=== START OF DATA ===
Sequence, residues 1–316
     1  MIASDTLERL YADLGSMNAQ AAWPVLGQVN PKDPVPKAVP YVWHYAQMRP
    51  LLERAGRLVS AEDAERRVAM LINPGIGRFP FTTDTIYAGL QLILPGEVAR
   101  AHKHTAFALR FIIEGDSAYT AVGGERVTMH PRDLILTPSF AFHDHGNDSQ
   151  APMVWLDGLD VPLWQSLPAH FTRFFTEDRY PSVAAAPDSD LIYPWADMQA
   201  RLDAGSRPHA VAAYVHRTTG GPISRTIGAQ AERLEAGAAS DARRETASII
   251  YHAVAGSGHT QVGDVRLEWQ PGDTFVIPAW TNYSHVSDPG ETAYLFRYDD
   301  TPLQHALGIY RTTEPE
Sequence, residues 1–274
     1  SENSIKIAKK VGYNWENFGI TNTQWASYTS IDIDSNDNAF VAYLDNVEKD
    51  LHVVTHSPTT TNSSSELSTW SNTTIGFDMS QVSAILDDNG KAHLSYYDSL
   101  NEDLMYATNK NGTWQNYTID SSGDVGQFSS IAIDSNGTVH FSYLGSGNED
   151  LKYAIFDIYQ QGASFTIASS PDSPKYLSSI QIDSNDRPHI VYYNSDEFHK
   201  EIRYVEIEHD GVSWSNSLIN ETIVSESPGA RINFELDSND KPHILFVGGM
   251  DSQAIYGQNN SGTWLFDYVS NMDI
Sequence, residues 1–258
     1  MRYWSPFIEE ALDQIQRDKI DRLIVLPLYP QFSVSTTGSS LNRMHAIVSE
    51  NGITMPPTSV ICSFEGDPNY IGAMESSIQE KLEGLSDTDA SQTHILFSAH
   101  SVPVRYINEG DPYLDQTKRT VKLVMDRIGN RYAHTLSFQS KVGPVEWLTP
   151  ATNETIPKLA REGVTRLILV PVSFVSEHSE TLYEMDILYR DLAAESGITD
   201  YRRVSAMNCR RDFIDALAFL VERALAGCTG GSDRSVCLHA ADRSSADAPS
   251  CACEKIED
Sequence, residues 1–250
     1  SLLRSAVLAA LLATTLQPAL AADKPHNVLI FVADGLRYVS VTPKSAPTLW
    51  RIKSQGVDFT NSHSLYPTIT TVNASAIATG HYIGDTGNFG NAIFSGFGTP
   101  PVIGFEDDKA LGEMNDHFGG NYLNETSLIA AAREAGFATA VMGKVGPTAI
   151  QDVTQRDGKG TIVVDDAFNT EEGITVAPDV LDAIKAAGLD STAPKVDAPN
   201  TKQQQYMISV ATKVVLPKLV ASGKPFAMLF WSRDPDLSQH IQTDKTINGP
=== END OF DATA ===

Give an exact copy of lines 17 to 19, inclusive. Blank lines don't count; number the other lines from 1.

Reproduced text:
     1  MRYWSPFIEE ALDQIQRDKI DRLIVLPLYP QFSVSTTGSS LNRMHAIVSE
    51  NGITMPPTSV ICSFEGDPNY IGAMESSIQE KLEGLSDTDA SQTHILFSAH
   101  SVPVRYINEG DPYLDQTKRT VKLVMDRIGN RYAHTLSFQS KVGPVEWLTP